« AnteriorContinua »
Must I then leave you ? must I needs forego
Wol. Cromwell, I did not think to shed a tear
5 Had I but serv'd my God, &c.] This sentence was really uttered by Wolsey. But it was a strange sentence for him to utter, who was disgraced for the basest treachery to his king in the atlair of the di
I serv'd my king, he would not in mine age
Crom. Good sir, have patience.
So I have. Farewell The hopes of court ! my hopes in heaven do dwell.
SCENE I. – A Street in Westminster.
Enter Two Gentlemen, meeting.
i Gent. You are well met once again. 2 Gent.
And so are you.t 1 Gent. You come to take your stand here, and behold The lady Anne pass from her coronation ?
2 Gent. 'Tis all my business. At our last encounter, The duke of Buckingham came from his trial.
i Gent. 'Tis very true: but that time offer'd sorrow; This, general joy. 2 Gent.
'Tis well : The citizens,
2 Gent. May I be bold to ask what that contains, That paper in your hand ? 1 Gent.
Yes; 'tis the list Of those, that claim their offices this day,
vorce: but it shows how naturally men endeavour to palliate their crimes even to themselves. + “ So are you.” — MALONE.
this day - ] i. e. such a day as this, a coronation day.
By custom of the coronation.
i Gent. That I can tell you too. The archbishop
Alas, good lady!
[Trumpets. The trumpets sound: stand close, the queen is coming.
THE ORDER OF THE PROCESSION.
A lively flourish of Trumpets: then, enter 1. Two Judges. 2. Lord Chancellor, with the purse and mace before him. 3. Choristers singing.
[Musick. 4. Mayor of London bearing the mace. Then Garter, in
his coat of arms, and, on his head, a gilt copper
the late marriage - ] i.e. the marriage lately considered as a valid one.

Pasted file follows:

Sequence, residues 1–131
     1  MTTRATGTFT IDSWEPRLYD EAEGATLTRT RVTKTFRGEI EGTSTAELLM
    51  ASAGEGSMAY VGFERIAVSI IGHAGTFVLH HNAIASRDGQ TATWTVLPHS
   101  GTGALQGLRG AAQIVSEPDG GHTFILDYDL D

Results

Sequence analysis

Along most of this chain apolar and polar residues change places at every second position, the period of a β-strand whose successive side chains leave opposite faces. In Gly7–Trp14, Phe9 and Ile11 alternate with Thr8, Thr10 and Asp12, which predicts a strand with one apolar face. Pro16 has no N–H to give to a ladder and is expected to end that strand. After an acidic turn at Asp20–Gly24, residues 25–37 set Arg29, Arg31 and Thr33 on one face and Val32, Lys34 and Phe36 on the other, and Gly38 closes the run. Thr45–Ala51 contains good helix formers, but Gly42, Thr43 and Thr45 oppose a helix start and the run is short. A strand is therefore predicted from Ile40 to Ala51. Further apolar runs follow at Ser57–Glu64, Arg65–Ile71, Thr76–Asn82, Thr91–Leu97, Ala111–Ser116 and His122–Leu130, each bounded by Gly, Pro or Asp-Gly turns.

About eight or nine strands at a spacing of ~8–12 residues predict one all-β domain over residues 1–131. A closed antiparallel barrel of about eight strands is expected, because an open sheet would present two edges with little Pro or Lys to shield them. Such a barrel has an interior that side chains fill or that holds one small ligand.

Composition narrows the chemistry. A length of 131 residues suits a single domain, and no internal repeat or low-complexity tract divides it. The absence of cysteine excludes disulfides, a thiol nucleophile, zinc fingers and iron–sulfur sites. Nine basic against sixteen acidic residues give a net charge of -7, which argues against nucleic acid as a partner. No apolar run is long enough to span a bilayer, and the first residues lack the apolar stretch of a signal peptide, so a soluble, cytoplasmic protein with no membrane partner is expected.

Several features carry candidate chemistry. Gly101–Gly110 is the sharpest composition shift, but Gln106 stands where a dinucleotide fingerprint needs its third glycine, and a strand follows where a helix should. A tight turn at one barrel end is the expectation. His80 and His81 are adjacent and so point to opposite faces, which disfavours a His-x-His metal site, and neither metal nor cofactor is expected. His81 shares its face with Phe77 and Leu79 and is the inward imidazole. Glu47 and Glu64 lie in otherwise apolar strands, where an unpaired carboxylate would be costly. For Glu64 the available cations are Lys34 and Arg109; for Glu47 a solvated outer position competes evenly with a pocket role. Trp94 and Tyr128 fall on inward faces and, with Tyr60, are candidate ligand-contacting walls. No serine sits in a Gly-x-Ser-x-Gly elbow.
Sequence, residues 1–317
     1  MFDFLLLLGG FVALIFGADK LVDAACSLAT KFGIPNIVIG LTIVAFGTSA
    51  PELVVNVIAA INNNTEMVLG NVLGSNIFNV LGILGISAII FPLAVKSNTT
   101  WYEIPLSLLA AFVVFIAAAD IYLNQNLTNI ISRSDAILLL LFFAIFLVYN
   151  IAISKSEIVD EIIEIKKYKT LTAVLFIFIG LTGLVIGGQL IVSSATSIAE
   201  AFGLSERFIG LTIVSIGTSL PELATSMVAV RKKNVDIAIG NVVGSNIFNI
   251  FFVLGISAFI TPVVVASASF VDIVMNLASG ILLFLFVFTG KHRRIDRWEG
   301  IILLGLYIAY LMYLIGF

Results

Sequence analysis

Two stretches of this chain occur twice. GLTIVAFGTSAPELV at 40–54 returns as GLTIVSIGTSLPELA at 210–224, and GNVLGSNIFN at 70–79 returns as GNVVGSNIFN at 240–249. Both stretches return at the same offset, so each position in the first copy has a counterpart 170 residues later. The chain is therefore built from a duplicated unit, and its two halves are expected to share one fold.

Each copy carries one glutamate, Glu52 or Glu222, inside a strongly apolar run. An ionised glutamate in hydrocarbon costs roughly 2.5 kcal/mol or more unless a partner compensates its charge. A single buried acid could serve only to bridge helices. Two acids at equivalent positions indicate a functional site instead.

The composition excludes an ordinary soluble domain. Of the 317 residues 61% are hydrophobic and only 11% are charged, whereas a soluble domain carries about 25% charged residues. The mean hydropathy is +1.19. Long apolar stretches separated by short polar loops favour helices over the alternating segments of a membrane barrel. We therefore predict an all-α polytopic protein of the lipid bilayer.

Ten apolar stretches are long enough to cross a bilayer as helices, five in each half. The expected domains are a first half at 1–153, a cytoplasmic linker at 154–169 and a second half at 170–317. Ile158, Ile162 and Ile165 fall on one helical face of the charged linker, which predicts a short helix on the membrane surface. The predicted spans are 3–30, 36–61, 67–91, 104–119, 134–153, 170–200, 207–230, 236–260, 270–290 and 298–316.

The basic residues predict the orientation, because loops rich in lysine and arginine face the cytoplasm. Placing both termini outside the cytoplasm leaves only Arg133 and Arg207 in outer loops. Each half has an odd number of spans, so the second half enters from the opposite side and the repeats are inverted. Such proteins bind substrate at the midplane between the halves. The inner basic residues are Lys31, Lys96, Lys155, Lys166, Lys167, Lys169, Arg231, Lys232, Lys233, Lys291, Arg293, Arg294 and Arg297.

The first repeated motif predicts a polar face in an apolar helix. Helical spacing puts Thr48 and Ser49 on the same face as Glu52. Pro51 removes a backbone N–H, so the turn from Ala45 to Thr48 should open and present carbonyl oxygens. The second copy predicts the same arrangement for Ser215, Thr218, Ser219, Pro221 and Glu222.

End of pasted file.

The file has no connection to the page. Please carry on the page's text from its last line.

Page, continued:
5. Marquis Dorset, bearing a sceptre of gold, on his
head a demi-coronal of gold. With him, the Earl of Surrey, bearing the rod of silver with the dove, crowned with an earl's coronet. Col
lars of ss. 6. Duke of Suffolk, in his robe of estate, his coronet on
his head, bearing a long white wand, as highsteward.
With him, the Duke of Norfolk, with the rod of marshalship, a coronet on his head.
Collars of SS. 7. A canopy borne by four of the Cinque-ports ; under
it, the Queen in her robe ; in her hair richly adorned with pearl, crowned. On each side of
her, the Bishops of London and Winchester. 8. The old Duchess of Norfolk, in a coronal of gold,
wrought with flowers, bearing the Queen's train. 9. Certain Ladies or Countesses, with plain circlets of
gold without flowers.
2 Gent. A royal train, believe me. - These I know;Who's that, that bears the scepter ? 1 Gent.
Marquis Dorset. And that the earl of Surrey, with the rod.
2 Gent. A bold brave gentleman: And that should be The duke of Suffolk. 1 Gent.
'Tis the same; high-steward. 2 Gent. And that my lord of Norfolk ? 1 Gent.
Yes. 2 Gent.
Heaven bless thee !
[Looking on the Queen. Thou hast the sweetest face I ever look'd on. Sir, as I have a soul, she is an angel; Our king has all the Indies in his arms, And more, and richer, when he strains that lady: I cannot blame his conscience.
Mr. Malone omits And.
They, that bear The cloth of honour over her, are four barons Of the Cinque-ports.
2 Gent. Those men are happy; and so are all, are
I take it, she that carries up the train,
1 Gent. It is; and all the rest are countesses.
These are stars indeed; And, sometimes, falling ones. 1 Gent.
No more of that. [Exit Procession, with a great flourish of
'Enter a third Gentleman. God save you, sir! Where have you been broiling?
3 Gent. Among the crowd i'the abbey; where a finger Could not be wedg'd in more; and I am stifled + With the mere rankness of their joy.
3 Gent. That I did.
How was it?
Good sir, speak it to us.
+ " and” is omitted by Mr. Malone.